Hi Alan: thanks for following our blogs and the Fit Nation Triathlon Challenge. You suggested we cover Sarah Reinertsen but you should know that we have – we actually interviewed her at the finish line of the NYC Tri in 2010 as part of that year's Fit Nation Tri Challenge. We also did a piece on Scout Bassett, another amputee who competes nationally. Sarah is actually her mentor. We produced a piece on Rajesh Durbal last year, the first triple amputee to race in Kona. And we followed Kyle Maynard's journey when he became the first congenital quadruple amputee to scale Mt. Kilimanjaro. And don't forget our piece on Dr. Joe Maroon, who had a mental breakdown in his 40s, discovered triathlon, and has since raced more than 70 races, including Kona at the age of 70. As you can see, we try to cover the spectrum of accomplishments, from Adrienne's 5k to Rajesh's Iron Man, because we believe that any person accepting responsibility for his/her health and doing something to change it is worthy of applause.

      March 19, 2012 at 10:45 | Report abuse |
    • Ricky Bobby

      Hey everyone – relax! Alan is an @ss, and he knows it. Don't let it get to you! Shake and bake!

      March 19, 2012 at 16:31 | Report abuse |
  3. Jammo

    Congratulations on completing the 5K. You time was not bad for a first time run. As a runner myself, I know how it feels like. Hope you get to practice and finish better time in the Jefferson Patterson Park 5K on March 24. Maybe you you move up to 8K runs after that. Good Luck!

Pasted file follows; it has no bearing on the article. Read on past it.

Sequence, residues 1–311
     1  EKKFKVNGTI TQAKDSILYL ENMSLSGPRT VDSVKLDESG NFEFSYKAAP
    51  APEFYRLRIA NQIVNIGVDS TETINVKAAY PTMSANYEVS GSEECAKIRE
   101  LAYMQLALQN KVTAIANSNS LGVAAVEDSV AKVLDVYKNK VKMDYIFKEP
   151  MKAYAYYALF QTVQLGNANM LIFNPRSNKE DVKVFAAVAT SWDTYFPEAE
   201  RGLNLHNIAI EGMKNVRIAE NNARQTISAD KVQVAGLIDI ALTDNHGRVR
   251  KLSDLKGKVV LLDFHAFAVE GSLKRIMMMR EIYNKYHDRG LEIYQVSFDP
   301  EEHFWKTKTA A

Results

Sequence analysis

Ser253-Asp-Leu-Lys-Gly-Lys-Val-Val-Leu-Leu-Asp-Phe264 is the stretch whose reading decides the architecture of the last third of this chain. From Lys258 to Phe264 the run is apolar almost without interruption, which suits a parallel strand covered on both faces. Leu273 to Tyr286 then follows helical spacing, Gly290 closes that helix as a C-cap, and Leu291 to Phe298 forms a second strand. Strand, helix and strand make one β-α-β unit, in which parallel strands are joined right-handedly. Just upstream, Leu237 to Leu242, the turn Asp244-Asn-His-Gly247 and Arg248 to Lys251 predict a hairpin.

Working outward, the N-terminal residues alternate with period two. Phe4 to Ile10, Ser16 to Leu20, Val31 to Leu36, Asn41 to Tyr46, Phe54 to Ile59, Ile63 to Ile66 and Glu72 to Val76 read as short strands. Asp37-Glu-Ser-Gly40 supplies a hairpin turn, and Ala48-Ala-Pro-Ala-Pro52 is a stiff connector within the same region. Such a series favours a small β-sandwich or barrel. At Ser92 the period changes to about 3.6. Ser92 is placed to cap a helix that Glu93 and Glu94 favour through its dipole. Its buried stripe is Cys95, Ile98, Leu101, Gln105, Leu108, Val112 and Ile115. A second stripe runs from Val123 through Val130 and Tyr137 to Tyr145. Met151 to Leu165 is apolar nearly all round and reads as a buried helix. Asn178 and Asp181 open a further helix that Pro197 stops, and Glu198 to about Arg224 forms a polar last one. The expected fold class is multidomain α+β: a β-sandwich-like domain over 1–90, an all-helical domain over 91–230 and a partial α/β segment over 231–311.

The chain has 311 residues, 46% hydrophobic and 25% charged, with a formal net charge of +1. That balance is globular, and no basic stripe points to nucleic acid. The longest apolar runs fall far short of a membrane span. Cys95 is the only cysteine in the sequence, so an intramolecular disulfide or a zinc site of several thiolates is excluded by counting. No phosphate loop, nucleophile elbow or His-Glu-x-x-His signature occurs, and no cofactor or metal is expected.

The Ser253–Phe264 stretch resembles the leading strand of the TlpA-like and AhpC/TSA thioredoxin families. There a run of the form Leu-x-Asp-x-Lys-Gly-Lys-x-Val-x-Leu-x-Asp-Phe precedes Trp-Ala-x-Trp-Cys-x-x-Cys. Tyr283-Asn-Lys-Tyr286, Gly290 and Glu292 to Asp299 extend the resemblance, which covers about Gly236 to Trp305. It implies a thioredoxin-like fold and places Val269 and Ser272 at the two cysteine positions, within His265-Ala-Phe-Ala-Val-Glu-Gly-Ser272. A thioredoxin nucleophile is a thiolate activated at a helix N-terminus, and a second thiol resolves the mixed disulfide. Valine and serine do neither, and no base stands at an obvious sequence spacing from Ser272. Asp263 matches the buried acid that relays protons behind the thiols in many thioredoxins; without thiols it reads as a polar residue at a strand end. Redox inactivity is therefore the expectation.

March 16, 2012 at 13:11 | Report abuse | Reply
  4. WWRRD

    Go get em' 30:31 is pretty darn respectable!!!

    March 16, 2012 at 13:12 | Report abuse | Reply
    • Fezzywig

      Considering the 5k world record for women is 14:11, no, 30:31 is not respectable at all. It certainly isn't worth an article on CNN, either.

      March 16, 2012 at 13:29 | Report abuse |
    • Alan S

      WW: If the woman had run the event in 30:31, that may or may not have been "pretty darned respectable", but the article says she ran it in 38:31.

      March 16, 2012 at 13:36 | Report abuse |
    • Noocrat

      You could power walk a 5K in 38:31.

      I'm impressed by people that run during races.

      March 16, 2012 at 18:30 | Report abuse |
  5. Swampcat

    @Fezzywig, have you ever run a 5K? Do you know what a respectable time is for the average adult, not an athlete in top shape? In my running, I compete against myself and don't worry about the people at the front of the pack. Would I like to run like the world's best do? Sure, but it's not going to happen. In three years, though, I've lost weight, improved my stamina, made friends, and gotten a whole new outlook on life. Never once have I come within 10 minutes of the WR for a 5K. It doesn't matter.

    Congratulations to Adrienne for getting out there. I hope you continue with your running and that your experiences inspire others!